It wasn’t until recently that the scrolls held any significant meaning in the annals of history. While around 800 of the scrolls had been fully or partially unrolled (very gingerly of course), the remaining had either proven too delicate to unfurl or too carbonized to read at all, leaving researchers in a quandary. So when the opportunity to utilize special X-ray phase-contrast tomography came along, Italian researcher Vito Mocella, a physicist from the National Research Council’s Institute for Microelectronics and Microsystems (CNR-IMM) in Naples, leapt at the chance to finally decipher the fragile wording inside the unopened scrolls.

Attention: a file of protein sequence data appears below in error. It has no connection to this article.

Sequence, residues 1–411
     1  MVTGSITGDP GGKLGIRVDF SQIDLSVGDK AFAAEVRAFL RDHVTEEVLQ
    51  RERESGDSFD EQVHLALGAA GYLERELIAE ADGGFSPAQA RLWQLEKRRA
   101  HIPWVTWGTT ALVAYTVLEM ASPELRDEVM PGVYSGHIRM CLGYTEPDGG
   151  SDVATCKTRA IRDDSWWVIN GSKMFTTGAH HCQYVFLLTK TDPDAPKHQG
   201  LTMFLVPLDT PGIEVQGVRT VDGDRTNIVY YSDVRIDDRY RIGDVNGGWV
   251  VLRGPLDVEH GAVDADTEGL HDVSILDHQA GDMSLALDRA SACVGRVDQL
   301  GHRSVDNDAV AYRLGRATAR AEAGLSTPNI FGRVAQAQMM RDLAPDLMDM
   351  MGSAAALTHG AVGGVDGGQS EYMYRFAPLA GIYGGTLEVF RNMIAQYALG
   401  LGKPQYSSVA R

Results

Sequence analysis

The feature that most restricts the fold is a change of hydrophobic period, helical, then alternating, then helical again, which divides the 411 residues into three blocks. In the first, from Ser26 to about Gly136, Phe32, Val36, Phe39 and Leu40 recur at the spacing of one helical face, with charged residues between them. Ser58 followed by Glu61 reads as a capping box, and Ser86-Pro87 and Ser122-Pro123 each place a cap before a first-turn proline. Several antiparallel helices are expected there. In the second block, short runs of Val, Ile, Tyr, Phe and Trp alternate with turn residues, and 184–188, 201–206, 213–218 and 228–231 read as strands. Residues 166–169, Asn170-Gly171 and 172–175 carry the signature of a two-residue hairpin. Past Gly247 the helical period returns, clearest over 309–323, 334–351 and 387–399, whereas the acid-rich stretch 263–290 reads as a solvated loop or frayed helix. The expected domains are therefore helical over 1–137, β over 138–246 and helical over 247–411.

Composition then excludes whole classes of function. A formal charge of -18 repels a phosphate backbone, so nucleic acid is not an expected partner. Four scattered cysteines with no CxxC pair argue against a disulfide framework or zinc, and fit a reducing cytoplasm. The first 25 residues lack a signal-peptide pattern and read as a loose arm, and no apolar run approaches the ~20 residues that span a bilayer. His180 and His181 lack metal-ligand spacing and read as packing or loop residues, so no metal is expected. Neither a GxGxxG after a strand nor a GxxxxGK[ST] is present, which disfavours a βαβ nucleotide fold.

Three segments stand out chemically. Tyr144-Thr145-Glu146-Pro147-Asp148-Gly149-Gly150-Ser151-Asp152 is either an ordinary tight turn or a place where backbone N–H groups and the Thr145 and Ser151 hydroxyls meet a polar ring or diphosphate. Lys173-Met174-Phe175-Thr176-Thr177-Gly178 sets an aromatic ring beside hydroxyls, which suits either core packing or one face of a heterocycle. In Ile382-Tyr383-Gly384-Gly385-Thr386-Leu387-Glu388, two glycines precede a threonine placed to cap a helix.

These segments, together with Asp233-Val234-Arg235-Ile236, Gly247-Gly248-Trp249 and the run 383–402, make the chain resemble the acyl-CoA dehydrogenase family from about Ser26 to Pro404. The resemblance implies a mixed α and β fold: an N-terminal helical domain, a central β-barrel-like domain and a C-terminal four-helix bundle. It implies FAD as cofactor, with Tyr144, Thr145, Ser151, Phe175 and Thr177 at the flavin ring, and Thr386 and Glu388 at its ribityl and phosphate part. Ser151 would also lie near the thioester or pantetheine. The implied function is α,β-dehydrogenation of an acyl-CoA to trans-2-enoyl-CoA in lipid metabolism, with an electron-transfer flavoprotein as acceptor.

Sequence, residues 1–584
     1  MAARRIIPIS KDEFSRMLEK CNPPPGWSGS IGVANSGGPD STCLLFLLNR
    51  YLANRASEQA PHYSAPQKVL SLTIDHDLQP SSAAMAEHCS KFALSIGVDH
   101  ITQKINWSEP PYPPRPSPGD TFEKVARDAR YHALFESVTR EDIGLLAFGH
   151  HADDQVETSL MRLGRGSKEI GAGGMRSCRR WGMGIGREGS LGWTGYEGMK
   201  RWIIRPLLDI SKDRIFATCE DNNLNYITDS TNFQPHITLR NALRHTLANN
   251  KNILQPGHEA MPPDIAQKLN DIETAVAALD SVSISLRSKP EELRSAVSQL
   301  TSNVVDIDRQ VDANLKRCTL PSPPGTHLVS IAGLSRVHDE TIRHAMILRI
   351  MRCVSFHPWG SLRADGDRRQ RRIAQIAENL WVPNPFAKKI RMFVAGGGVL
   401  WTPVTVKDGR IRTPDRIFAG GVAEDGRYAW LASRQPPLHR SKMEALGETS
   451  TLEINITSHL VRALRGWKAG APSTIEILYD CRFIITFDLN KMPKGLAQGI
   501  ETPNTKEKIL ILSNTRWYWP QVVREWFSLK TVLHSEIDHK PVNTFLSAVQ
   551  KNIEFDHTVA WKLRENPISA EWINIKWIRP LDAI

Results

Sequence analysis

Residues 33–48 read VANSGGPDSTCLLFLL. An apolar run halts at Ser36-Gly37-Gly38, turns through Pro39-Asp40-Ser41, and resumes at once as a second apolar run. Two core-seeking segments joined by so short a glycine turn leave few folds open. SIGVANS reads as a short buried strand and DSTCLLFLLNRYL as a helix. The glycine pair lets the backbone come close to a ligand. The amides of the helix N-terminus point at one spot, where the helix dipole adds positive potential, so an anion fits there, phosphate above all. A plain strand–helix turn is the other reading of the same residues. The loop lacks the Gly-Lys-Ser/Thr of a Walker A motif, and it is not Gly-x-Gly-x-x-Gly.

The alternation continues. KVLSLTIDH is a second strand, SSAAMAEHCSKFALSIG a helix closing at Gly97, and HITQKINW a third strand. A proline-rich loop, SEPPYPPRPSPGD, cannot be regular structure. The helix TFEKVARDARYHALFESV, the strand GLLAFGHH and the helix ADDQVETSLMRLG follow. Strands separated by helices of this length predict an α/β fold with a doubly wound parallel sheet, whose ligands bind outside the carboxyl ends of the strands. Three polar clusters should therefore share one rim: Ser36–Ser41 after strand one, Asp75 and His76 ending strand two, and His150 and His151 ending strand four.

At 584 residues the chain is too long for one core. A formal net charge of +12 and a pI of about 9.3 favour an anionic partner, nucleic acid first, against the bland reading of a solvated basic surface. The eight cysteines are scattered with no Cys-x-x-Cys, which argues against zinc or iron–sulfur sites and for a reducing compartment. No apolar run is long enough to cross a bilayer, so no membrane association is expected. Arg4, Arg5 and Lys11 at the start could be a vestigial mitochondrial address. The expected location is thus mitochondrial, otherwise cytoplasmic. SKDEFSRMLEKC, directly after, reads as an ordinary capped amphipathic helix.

The biggest hurdle, he says? The ink. Because of the intense heat of a pyroclastic flow (an extremely fast-moving current of hot gas and rock that is ejected down the mountainsides of particularly violent volcanic eruptions) the scrolls, originally uncovered in the Villa of the Papyri in Herculaneum, a huge seafront estate most likely owned by Julius Caesar’s father-in-law, had carbonized to the point that researchers were unable to differentiate the papyrus from the charcoal-based ink used to write on them.
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Image: University of Kentucky